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Short description: Inclusion of one mathematical structure in another, preserving properties of interest

In mathematics, an embedding (or imbedding[1]) is one instance of some mathematical structure contained within another instance, such as a group that is a subgroup.

When some object [math]\displaystyle{ X }[/math] is said to be embedded in another object [math]\displaystyle{ Y }[/math], the embedding is given by some injective and structure-preserving map [math]\displaystyle{ f:X\rightarrow Y }[/math]. The precise meaning of "structure-preserving" depends on the kind of mathematical structure of which [math]\displaystyle{ X }[/math] and [math]\displaystyle{ Y }[/math] are instances. In the terminology of category theory, a structure-preserving map is called a morphism.

The fact that a map [math]\displaystyle{ f:X\rightarrow Y }[/math] is an embedding is often indicated by the use of a "hooked arrow" (U+21AA RIGHTWARDS ARROW WITH HOOK);[2] thus: [math]\displaystyle{ f : X \hookrightarrow Y. }[/math] (On the other hand, this notation is sometimes reserved for inclusion maps.)

Given [math]\displaystyle{ X }[/math] and [math]\displaystyle{ Y }[/math], several different embeddings of [math]\displaystyle{ X }[/math] in [math]\displaystyle{ Y }[/math] may be possible. In many cases of interest there is a standard (or "canonical") embedding, like those of the natural numbers in the integers, the integers in the rational numbers, the rational numbers in the real numbers, and the real numbers in the complex numbers. In such cases it is common to identify the domain [math]\displaystyle{ X }[/math] with its image [math]\displaystyle{ f(X) }[/math] contained in [math]\displaystyle{ Y }[/math], so that [math]\displaystyle{ X\subseteq Y }[/math].

Topology and geometry

General topology

In general topology, an embedding is a homeomorphism onto its image.[3] More explicitly, an injective continuous map [math]\displaystyle{ f : X \to Y }[/math] between topological spaces [math]\displaystyle{ X }[/math] and [math]\displaystyle{ Y }[/math] is a topological embedding if [math]\displaystyle{ f }[/math] yields a homeomorphism between [math]\displaystyle{ X }[/math] and [math]\displaystyle{ f(X) }[/math] (where [math]\displaystyle{ f(X) }[/math] carries the subspace topology inherited from [math]\displaystyle{ Y }[/math]). Intuitively then, the embedding [math]\displaystyle{ f : X \to Y }[/math] lets us treat [math]\displaystyle{ X }[/math] as a subspace of [math]\displaystyle{ Y }[/math]. Every embedding is injective and continuous. Every map that is injective, continuous and either open or closed is an embedding; however there are also embeddings which are neither open nor closed. The latter happens if the image [math]\displaystyle{ f(X) }[/math] is neither an open set nor a closed set in [math]\displaystyle{ Y }[/math].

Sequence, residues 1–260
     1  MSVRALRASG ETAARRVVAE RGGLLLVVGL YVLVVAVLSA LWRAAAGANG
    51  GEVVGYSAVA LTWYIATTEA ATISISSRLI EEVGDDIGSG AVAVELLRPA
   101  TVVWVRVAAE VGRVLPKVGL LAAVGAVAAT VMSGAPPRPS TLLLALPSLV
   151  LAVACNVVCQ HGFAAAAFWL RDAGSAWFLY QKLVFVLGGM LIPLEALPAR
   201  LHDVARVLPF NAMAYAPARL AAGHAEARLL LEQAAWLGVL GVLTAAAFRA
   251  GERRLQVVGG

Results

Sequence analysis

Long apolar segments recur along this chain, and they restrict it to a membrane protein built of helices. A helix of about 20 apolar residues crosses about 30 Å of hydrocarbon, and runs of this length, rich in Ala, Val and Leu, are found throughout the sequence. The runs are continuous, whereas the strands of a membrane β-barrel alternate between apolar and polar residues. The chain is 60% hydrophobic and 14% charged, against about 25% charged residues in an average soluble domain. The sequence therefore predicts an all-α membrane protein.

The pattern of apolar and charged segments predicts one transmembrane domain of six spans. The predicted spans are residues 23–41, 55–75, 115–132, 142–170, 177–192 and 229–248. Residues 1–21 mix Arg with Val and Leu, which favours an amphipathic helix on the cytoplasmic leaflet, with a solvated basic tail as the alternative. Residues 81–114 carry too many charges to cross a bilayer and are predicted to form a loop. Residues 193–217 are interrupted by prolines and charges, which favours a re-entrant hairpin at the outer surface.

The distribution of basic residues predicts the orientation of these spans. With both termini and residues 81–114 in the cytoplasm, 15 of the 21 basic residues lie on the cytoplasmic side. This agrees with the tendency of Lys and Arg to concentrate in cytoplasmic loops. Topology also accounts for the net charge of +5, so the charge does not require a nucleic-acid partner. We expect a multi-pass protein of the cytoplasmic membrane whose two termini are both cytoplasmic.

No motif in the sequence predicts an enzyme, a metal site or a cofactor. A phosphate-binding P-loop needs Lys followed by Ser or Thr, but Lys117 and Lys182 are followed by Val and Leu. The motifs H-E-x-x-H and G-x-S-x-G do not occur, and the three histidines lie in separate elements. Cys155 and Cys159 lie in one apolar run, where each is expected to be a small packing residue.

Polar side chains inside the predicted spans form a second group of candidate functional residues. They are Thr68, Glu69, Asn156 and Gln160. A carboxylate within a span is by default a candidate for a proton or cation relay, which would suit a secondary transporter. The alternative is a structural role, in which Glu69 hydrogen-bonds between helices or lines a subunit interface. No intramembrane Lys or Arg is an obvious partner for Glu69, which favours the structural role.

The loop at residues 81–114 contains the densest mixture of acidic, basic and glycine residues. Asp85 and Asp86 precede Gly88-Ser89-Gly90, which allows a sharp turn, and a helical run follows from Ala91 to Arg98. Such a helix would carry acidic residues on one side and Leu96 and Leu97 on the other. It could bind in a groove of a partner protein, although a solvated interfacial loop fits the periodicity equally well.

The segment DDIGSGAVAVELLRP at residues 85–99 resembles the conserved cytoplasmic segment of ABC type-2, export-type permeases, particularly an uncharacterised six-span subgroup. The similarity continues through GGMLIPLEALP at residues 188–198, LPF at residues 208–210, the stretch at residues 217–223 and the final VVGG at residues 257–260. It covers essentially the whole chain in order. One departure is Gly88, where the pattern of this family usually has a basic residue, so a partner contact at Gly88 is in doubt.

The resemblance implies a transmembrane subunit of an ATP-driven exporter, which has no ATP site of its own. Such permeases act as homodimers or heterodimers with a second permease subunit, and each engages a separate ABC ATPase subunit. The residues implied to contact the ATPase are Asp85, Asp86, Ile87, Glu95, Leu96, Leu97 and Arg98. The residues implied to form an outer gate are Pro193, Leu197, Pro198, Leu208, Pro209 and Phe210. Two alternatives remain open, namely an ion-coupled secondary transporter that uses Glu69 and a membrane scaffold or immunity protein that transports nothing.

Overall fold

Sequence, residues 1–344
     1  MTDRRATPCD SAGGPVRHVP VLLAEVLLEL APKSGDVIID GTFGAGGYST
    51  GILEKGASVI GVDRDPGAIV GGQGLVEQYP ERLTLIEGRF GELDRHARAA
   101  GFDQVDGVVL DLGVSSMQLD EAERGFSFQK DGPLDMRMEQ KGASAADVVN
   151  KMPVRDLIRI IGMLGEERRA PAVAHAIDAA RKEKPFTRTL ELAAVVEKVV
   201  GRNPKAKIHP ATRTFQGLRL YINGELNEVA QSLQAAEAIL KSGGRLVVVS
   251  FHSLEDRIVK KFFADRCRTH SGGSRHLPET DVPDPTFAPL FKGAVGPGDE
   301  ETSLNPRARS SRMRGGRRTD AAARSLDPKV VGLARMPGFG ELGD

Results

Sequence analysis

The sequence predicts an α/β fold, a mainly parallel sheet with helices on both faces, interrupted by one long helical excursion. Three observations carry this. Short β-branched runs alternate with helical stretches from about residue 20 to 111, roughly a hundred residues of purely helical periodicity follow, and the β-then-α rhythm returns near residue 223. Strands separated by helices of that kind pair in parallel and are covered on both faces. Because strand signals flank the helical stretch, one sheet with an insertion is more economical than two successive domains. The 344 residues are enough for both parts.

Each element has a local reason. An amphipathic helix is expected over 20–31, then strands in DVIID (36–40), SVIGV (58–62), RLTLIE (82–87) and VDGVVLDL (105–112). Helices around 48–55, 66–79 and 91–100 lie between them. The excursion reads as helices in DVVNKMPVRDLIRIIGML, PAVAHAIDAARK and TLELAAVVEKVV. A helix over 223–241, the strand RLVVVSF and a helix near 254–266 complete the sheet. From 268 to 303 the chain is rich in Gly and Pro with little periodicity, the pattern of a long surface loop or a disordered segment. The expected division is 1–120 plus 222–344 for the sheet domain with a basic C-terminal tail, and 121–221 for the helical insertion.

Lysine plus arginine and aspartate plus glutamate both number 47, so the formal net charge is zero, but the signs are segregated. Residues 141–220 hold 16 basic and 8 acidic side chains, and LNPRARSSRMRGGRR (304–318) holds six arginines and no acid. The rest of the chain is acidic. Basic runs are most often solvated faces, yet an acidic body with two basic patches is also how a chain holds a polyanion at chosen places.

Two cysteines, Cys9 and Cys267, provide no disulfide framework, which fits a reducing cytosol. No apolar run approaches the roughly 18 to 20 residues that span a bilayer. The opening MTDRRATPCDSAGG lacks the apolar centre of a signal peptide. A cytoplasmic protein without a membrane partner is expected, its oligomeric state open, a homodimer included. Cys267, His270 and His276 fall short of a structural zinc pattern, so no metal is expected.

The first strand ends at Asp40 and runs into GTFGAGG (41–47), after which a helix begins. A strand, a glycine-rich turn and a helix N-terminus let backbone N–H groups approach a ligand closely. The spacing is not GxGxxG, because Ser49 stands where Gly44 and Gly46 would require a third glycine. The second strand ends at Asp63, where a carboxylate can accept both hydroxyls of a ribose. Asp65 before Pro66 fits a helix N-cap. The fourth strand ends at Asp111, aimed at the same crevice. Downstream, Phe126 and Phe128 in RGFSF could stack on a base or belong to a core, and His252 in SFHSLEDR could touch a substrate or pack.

For a given space [math]\displaystyle{ Y }[/math], the existence of an embedding [math]\displaystyle{ X \to Y }[/math] is a topological invariant of [math]\displaystyle{ X }[/math]. This allows two spaces to be distinguished if one is able to be embedded in a space while the other is not.

Related definitions

If the domain of a function [math]\displaystyle{ f : X \to Y }[/math] is a topological space then the function is said to be locally injective at a point if there exists some neighborhood [math]\displaystyle{ U }[/math] of this point such that the restriction [math]\displaystyle{ f\big\vert_U : U \to Y }[/math] is injective. It is called locally injective if it is locally injective around every point of its domain. Similarly, a local (topological, resp. smooth) embedding is a function for which every point in its domain has some neighborhood to which its restriction is a (topological, resp. smooth) embedding.

Every injective function is locally injective but not conversely. Local diffeomorphisms, local homeomorphisms, and smooth immersions are all locally injective functions that are not necessarily injective. The inverse function theorem gives a sufficient condition for a continuously differentiable function to be (among other things) locally injective. Every fiber of a locally injective function [math]\displaystyle{ f : X \to Y }[/math] is necessarily a discrete subspace of its domain [math]\displaystyle{ X. }[/math]

Differential topology

In differential topology: Let [math]\displaystyle{ M }[/math] and [math]\displaystyle{ N }[/math] be smooth manifolds and [math]\displaystyle{ f:M\to N }[/math] be a smooth map. Then [math]\displaystyle{ f }[/math] is called an immersion if its derivative is everywhere injective. An embedding, or a smooth embedding, is defined to be an immersion which is an embedding in the topological sense mentioned above (i.e. homeomorphism onto its image).[4]